There is misrepresentation in Mudville tonight. It all started with a baseball card. You remember those things. Piece of cardboard roughly measuring 2 1/2 by 3 1/2 inches with a ballplayer’s mug on the front. Memory jogged? Yes? Great.
The card that blew up the spot and got the ball rolling on the deep dive into this Watergateesque scandal is a 1988 Topps Cecil Fielder. It’s a lovely-looking card, simple, a white border encases a more minor red border, with “Blue Jays” written at the top in a font that is both feminine and masculine while evoking a child-like comfort. The name banner, tucked at an angle on the right side of the card, is an eye-catching yellow that doesn’t allow the holder to ignore the ballplayer’s name written in tar pit black that sucks one in like a tar-drenched struggling woolly mammoth during the Pleistocene.
The photo is of a young Fielder, bat resting on his right shoulder, a single Franklin batting glove on his left hand. A glossy layer of sweat covers Fielder’s face, surely a product of springtime Florida. He has the smile of someone who is tired of smiling. It is your standard bat-on-shoulder baseball card bag.
A quick flip of the card shows that it is early on in Fielder’s career and he is not yet an everyday player. The Toronto Blue Jays called him up in July of 1985. Following his promotion, he remained a part-time first and third baseman behind Willie Upshaw and the crime dog, Fred McGriff. Unsatisfied with his part-timer role, Fielder decided, after a disappointing 1988 season, to look elsewhere for employment.
He found gainful employment across the Pacific Ocean with the Hanshin Tigers of the Nippon Professional Baseball league in Japan. Fielder signed with the Tigers for significantly more money and the opportunity to be an everyday player. So, for the 1989 season Fielder played in Japan. Let’s make that very clear. He did not play in Major League Baseball in 1989. His first game in Japan was on April 8, 1989, and his final game was on September 14, 1989.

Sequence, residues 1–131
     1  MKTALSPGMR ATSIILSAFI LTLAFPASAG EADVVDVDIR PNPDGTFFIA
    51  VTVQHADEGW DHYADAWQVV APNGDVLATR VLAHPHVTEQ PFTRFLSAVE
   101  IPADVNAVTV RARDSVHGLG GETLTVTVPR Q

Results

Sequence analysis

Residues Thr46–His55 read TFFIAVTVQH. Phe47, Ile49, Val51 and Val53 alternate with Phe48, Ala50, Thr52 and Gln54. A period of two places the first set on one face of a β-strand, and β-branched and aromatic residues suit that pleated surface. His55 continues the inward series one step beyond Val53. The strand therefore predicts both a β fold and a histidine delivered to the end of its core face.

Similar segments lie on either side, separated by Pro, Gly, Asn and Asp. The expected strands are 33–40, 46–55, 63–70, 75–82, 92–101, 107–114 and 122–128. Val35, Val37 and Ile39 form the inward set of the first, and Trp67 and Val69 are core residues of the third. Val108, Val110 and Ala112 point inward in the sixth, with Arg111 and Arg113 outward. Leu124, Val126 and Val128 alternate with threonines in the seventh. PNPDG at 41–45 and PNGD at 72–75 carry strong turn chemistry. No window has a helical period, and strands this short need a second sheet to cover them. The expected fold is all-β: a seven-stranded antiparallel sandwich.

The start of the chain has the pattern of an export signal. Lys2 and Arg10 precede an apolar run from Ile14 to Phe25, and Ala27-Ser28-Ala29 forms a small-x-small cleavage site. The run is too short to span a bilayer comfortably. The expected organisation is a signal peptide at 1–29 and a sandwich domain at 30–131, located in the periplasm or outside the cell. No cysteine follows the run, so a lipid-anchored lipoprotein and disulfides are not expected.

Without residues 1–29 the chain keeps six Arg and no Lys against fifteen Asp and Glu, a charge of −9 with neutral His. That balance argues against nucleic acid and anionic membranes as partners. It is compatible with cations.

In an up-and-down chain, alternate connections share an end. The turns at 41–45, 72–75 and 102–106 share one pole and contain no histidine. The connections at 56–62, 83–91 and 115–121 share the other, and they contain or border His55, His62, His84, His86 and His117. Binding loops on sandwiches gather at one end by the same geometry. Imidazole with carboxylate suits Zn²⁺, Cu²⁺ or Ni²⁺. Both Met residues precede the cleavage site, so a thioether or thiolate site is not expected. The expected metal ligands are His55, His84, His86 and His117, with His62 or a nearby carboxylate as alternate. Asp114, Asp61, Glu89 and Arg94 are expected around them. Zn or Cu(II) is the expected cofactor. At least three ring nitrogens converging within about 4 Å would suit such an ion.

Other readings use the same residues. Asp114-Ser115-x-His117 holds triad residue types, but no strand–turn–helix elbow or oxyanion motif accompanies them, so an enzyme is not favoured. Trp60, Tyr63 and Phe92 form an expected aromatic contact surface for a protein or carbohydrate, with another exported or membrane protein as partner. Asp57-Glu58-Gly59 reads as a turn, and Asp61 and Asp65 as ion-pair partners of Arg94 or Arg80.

In the process of his time spent in Japan, there were eight Japanese Cecil Fielder baseball cards produced; six in the 1989 Calbee set, one in the Lotte set, and one in the Hanshin Tigers team set. That makes sense, right? Because he played in Japan in 1989. So it is only logical that there would be Japanese baseball cards produced.
But there is a problem here. The top US baseball card brands didn’t seem to get the memo that Fielder wasn’t going to be playing stateside. Topps, Donruss, Score, Fleer, and Upper Deck each produced Fielder cards for the 1989 season.
That’s right it seems that these five companies colluded in the Cecil Fielder Baseball Card Conspiracy.
Cecil Fielder Baseball Card Conspiracy
And what was the conspiracy? To trick the American public into thinking that Cecil Fielder was actually playing for the Blue Jays in 1989.
Now, 33 years later the case has been solved, the conspiracy exposed, and the guilty parties accused. Fielder returned to MLB in 1990 with the Detroit Tigers. That season he hit 51 home runs and drove in 132 runs, becoming the 11th player in Major League history to hit 50 or more home runs in a season. Also in 1990, there were seven Fielder cards produced; Topps produced two, Bowman produced two, Upper Deck produced one, and Score produced one, along with one in a US playing card set. Suspiciously, Donruss and Fleer didn’t produce a 1990 Fielder card. And there is a rumor that Lotte, a Japanese card company, did produce a 1990 Fielder card even though he was playing back in the US Hmm, maybe the Cecil Fielder Baseball Card Conspiracy continues…
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Willie Upshaw, Fred McGriff, Cecil Fielder